Most of us have encountered chatbots on websites we visit in order to shop, pay a bill, manage our bank accounts, schedule an appointment, figure out why the WiFi isn’t working, or in other online interactions. They pop up on the side of the screen, introduce themselves, and ask how they can help. Other times, once you select “Contact Us,” one of the options presented is a “chat” option.
A chatbot is a messaging application that uses artificial intelligence. It is programmed to understand language, process data, and mimic a conversation through a messaging or chat interface. Chatbots are limited in their scope and application but are intelligent enough to reply to text commands and questions about specific topics. Chatbots are becoming a common feature on college and university websites, and their presence and the assistance they can provide can contribute to student success and retention.
“AI-powered chatbots allow universities to serve students 24/7 with continuous support, while keeping students and staff productive,” said David Karandish, CEO of Capacity. “Rather than emailing the professor or setting up an appointment with the teaching assistant, students can get their questions answered in seconds. Chatbots can also automate repetitive existing processes that consume a faculty member’s time. If a student needs to find a tutor for a certain course or ask how many credits they need, they can simply ask the chatbot.”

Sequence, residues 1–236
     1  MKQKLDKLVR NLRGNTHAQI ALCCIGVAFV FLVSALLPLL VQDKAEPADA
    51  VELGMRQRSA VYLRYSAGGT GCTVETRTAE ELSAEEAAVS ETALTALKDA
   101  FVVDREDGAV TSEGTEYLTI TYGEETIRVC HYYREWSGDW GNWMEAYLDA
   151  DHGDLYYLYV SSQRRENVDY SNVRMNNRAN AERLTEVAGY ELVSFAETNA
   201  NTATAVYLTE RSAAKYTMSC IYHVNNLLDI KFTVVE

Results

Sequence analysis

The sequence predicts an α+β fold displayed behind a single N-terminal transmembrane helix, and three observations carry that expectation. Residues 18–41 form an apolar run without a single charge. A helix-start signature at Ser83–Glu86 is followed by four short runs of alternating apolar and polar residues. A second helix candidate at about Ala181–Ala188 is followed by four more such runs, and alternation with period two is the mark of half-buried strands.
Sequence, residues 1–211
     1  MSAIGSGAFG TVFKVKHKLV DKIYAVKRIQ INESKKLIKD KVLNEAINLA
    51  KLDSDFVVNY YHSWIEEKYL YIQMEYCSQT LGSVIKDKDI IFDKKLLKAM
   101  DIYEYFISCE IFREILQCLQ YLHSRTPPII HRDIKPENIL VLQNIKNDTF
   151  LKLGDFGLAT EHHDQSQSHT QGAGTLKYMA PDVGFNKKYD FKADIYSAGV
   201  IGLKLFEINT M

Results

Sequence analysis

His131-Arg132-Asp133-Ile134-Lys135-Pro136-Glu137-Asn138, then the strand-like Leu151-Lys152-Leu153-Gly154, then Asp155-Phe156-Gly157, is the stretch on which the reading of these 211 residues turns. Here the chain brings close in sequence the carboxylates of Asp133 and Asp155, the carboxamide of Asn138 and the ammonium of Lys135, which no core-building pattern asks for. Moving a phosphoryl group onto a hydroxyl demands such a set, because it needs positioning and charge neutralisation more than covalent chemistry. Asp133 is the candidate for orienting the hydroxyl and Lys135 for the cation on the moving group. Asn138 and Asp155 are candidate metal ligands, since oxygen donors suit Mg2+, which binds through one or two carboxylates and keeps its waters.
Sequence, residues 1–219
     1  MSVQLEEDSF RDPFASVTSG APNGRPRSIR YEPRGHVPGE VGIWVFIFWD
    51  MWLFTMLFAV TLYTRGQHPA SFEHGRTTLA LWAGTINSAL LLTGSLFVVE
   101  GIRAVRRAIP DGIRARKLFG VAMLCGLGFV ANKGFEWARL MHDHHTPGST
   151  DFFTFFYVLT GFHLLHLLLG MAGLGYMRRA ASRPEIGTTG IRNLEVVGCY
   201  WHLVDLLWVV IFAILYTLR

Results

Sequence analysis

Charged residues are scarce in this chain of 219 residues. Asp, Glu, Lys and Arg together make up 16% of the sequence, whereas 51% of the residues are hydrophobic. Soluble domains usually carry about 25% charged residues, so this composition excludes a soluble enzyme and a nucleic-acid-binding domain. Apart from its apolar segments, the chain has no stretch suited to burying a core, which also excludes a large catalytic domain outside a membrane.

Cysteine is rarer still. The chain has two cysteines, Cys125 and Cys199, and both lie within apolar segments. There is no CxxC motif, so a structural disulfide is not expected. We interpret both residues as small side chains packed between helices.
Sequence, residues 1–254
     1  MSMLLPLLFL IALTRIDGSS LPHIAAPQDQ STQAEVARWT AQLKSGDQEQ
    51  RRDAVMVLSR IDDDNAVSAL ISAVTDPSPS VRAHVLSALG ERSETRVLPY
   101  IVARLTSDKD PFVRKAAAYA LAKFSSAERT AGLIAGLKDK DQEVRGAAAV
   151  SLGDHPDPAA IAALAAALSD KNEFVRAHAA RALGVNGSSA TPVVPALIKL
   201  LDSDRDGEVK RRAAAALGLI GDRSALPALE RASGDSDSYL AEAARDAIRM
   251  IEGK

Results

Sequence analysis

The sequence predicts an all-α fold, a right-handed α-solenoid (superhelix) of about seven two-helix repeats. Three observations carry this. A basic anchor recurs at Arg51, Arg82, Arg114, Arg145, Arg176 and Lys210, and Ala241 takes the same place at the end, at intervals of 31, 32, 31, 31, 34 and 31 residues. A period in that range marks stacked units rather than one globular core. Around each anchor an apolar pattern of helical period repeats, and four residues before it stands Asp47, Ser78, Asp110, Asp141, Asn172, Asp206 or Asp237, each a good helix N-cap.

Chatbots are not one-size-fits-all, but instead are highly customizable and can be tailored to each institution’s needs, Karandish says. As an example, “within a university, each department can add and manage their own FAQs so information is always up-to-date. AI-powered chatbots continuously learn and grow, and get more accurate with time.”
Maryville University in St. Louis, MO, first “hired” a chatbot in 2019. The university’s online program has been growing at an impressive rate. To keep up with demand and ensure a topnotch experience for its students, Maryville’s leadership decided to introduce “digital employees”–chatbots–into workstreams. The university’s first digital employee was Max.